Street art is a cornerstone of urban culture, and New York City is home to an impressive display of talent and creativity. Tourists and locals alike often stop to photograph themselves in front of well-known murals, while others are lucky enough to stumble upon gorgeous paintings in unassuming side street doorways. Even a chimney on a random rooftop can be the canvas for a poignant illustration. Turn your next leisurely walk around the city into an artistic scavenger hunt, and be on the lookout for creations by these five talented New York street artists. You may also discover your own personal favorite along the way.
TATS CRU is a Bronx-based group of cartoonists-turned-muralists, who have been an iconic name in the NYC street artist community for decades. Walk around Mott Haven in the South Bronx, and you’re likely to come across a TATS CRU masterpiece painted behind a bus stop, or on the wall of an outdoor basketball court. You can also find some TATS CRU walls throughout Manhattan, such as the corner of Allen St And Delancey.
When it comes to street art portraits, Jorit Agoch is arguably one of the best. This Dutch-Italian artist is originally from Naples, and began painting at the age of 13. When one of his murals was set up in Brooklyn, it was so incredibly lifelike that Jorit has earned the reputation of painting “hyper-realistic” street art. Venture to Brooklyn to find “A Portrait of a Boy Named Camillo” on North 10th Street, a particularly haunting portrait of a boy with blue eyes at St. Nicholas Avenue and Jefferson Street, and a portrait of twin brothers Otavio and Gustavo Pandolfo at 129 Allen Street on the Lower East Side.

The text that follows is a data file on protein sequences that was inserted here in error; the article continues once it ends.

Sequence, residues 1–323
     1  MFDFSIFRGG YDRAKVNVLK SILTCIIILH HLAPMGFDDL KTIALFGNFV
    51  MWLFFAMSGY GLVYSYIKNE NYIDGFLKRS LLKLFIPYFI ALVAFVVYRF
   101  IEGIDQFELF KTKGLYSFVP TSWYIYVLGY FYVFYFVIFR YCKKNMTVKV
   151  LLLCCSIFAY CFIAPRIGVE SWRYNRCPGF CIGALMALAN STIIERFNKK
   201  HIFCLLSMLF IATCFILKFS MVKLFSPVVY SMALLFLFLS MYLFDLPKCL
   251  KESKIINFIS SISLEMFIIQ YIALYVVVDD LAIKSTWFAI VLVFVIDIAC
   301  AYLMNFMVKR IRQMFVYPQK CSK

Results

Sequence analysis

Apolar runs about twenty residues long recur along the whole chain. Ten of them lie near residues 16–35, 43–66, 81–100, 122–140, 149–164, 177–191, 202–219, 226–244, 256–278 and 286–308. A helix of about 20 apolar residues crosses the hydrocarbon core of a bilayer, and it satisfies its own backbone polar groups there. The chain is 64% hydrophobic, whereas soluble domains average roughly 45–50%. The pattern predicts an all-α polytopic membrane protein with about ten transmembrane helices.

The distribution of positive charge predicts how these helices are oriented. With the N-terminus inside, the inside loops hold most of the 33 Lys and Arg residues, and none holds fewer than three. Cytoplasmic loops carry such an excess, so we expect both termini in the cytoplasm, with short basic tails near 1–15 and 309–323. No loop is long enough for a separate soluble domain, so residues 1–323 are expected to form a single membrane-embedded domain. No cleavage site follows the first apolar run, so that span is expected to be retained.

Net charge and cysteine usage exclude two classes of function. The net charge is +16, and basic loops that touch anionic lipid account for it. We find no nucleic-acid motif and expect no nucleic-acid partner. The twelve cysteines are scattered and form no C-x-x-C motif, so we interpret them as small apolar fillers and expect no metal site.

In a traditionally male-dominated industry, Elle is a Brooklyn-based street artist who strives to break the social implications that certain creative positions are “just for men.” Elle’s murals are gorgeously feminine with an ethereal feel and have been on display in places like Melbourne, Denver, Miami, and Tel Aviv. Get a dose of Elle’s colorful murals at Prospect Lefferts Gardens in Brooklyn, as well as Harlem – she was part of a large street art campaign called #NotACrime, in support of education equality.
Since his teenage years growing up in Chile, Dasic Fernandez has been inspired by American hip-hop culture and tagging. When people spot any of Dasic’s colorful murals – peppered throughout NYC, but mostly in Bushwick – they often notice his signature aesthetic of anti-gravity paint. That is, he shows paint “dripping” up instead of down. Check out his murals on the patio area of The Well in Brooklyn, at the iPic theater in Lower Manhattan, and at the Bushwick Collective.
Icy and Sot
Street art and graffiti have always been a way for younger generations to express themselves and share political messages. Icy and Sot, an Iranian pair of brothers, have been using their art to highlight human rights, social issues, politics, and ecological justice for over ten years. One of their most famous murals is still on display at TBA Brooklyn – a nightclub and coffeehouse – depicting a group of smiling children looking upward towards the sky. Icy and Sot were also part of the street art exhibit on the 69th floor of 4 World Trade Center.
Do you any favorite New York street artists? Tracy interviewed artist James SEXER Rodriguez, who’s based in the Bronx.
Williamsburg, Brooklyn offers tons of opportunities to see street art. And New York artist Valeri Larko finds beauty in the city’s most industrial settings.